This is accompanied by ill-founded allegations that large pay rises - such as that won by the successful fuel tanker drivers' strike - are fuelling inflation. This may have been the case if the inflation was demand-pull inflation, in which a surplus of money in the economy causes inflation because people are able to pay more for goods and services, leading to demand outstripping supply. Yet the vast majority of pay rises across the UK have been woefully inadequate, well below the rate of inflation (which is, for necessities on which working class people spend most of our income, well above the official 3% figure). So it ain't demand-pull inflation.

It is cost-push inflation, caused by a massive increase in costs of production, notably raw materials. Such as oil (see my earlier article on Peak Oil). Such inflation has massively eroded workers' living standards, pushing many workers - especially lower paid workers - into poverty. The strikers are not greedy, only wanting a living wage!

Mr Cameron also alleges that New Labour will shy away from attacking strikers, believing unions have a "stranglehold" over the Labour party and can "dictate terms". I'm not saying Mr Cameron must be on another planet, but I understand this news was relayed to us by SETI :-P

Indeed, chancellor Alistair Darling has, at best naively, called for pay restraint (BBC News: Darling calls for pay restraint). To be fair, possibly as a result of increased union activity and his party's unpopularity, he has this time attacked large pay rises "from the boardroom to the shopfloor". But he has not made clear if this "restraint" should also be applied to bonuses and share options, which make up a substantial percentage of the fat cat bosses' excessive take home pay.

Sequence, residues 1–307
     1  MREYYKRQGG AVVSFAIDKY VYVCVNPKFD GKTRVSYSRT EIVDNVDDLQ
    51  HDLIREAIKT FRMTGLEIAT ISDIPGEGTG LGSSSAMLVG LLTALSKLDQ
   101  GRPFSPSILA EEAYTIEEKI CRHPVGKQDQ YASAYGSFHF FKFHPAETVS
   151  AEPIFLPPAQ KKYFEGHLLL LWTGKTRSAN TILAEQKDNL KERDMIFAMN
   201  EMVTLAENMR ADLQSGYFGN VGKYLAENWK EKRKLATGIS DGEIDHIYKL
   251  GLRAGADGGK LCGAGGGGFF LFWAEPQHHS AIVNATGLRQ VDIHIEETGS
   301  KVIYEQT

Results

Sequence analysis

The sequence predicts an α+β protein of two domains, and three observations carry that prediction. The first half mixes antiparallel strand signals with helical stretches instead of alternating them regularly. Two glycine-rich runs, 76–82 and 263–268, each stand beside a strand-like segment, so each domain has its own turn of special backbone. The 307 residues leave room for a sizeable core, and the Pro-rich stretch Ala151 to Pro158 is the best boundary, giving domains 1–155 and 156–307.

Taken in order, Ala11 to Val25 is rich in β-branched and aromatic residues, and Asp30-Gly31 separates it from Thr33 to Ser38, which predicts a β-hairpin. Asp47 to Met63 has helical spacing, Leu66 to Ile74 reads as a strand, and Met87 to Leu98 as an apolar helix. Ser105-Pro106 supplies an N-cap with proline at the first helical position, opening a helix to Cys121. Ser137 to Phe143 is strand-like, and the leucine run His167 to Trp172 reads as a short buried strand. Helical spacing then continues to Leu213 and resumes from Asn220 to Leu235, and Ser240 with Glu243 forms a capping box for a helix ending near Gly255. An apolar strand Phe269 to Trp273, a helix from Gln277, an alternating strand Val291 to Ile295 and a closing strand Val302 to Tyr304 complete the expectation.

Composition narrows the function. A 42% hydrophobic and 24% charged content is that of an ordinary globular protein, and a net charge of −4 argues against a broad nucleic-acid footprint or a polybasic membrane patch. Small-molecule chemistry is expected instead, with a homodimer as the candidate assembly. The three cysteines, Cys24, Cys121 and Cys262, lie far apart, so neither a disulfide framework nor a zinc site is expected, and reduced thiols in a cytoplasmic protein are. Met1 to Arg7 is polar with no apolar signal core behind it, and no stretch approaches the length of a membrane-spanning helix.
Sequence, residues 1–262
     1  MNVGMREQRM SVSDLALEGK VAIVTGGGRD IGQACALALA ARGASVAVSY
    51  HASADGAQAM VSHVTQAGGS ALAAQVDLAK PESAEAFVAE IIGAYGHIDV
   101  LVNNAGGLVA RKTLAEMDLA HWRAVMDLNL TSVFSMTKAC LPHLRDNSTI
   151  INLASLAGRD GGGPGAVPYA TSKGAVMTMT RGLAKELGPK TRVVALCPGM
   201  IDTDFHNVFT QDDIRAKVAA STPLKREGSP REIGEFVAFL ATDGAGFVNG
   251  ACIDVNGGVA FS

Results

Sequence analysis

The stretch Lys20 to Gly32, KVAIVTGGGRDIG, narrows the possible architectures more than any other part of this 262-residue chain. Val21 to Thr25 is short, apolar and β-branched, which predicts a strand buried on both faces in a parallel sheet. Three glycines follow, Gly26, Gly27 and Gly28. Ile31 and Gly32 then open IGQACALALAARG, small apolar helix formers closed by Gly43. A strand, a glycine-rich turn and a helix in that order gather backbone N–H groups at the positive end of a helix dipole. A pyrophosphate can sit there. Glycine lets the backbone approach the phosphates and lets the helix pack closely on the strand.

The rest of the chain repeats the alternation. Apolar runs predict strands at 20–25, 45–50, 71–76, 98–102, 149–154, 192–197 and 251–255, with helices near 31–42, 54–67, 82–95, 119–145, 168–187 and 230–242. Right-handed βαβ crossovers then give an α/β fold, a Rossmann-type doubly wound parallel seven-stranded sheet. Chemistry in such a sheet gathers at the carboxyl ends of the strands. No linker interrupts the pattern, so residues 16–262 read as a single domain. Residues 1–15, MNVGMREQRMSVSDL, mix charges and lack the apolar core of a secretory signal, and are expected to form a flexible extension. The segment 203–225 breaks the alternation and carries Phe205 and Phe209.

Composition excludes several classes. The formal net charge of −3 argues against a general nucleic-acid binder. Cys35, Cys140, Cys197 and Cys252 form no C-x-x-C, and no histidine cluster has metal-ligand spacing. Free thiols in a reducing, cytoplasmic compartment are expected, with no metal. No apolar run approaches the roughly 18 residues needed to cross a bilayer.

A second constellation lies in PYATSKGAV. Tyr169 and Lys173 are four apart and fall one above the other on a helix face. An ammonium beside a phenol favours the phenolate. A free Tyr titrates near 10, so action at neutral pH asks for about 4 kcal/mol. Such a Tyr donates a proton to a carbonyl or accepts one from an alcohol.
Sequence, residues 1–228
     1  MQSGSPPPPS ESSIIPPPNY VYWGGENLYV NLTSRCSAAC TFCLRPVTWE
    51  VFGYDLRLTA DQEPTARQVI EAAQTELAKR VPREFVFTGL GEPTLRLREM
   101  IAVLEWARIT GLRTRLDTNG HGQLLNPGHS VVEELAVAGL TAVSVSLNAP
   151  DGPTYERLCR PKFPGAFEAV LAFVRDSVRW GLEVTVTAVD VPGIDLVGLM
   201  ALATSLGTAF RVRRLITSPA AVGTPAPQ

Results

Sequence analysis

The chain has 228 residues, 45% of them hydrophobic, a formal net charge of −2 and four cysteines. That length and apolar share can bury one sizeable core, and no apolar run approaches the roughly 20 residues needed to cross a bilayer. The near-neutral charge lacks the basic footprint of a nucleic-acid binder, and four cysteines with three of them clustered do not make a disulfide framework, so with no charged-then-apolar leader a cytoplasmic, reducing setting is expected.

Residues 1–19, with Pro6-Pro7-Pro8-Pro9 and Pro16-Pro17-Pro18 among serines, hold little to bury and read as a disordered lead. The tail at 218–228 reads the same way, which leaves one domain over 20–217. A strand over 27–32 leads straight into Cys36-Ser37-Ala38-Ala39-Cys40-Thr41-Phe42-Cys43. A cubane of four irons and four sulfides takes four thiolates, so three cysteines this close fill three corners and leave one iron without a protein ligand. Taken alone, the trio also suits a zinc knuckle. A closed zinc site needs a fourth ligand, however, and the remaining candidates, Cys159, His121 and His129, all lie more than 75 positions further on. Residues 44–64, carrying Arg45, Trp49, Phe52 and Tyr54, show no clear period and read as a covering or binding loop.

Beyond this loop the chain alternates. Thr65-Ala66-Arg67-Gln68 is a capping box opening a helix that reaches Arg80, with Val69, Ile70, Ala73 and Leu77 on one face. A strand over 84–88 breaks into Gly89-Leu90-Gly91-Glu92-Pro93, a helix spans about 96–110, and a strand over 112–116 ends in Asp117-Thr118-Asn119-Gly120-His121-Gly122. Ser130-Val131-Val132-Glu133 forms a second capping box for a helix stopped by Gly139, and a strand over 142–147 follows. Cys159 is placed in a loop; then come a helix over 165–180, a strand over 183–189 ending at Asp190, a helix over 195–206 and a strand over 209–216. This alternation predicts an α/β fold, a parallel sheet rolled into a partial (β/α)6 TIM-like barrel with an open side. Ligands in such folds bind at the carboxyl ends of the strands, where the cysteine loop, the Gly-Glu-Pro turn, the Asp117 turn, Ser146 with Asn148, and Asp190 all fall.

Even if the inflation was demand-pull and caused by excessive money in the economy, it should not be the workers - already underpaid and overworked - who should suffer. It should be the fat cat bosses, whose wages are paid from the exploitation of workers, who should take a pay cut. Especially considering it is their lavish lifestyles, not to mention the nature of the capitalist system which they support, which is aggravating the problem of peak oil (not to mention destroying our planet).

So, for the striking workers in local government and Highlands and Islands airports, and others considering strike action, I have the following message:

Good luck ... and GO FOR IT !!!

Monday 16 June 2008

Something fundamentally wrong with the universe?

I really don't know how much more bizarre things can get!

First we saw a Labour government launch a diabolical attack on our civil liberties by allowing terror suspects to be locked up for 42 days without charge - almost akin to internment without trial. This is especially scary when it comes so soon after the case of a university student being locked up and tried for downloading materially freely available online, from a US government website!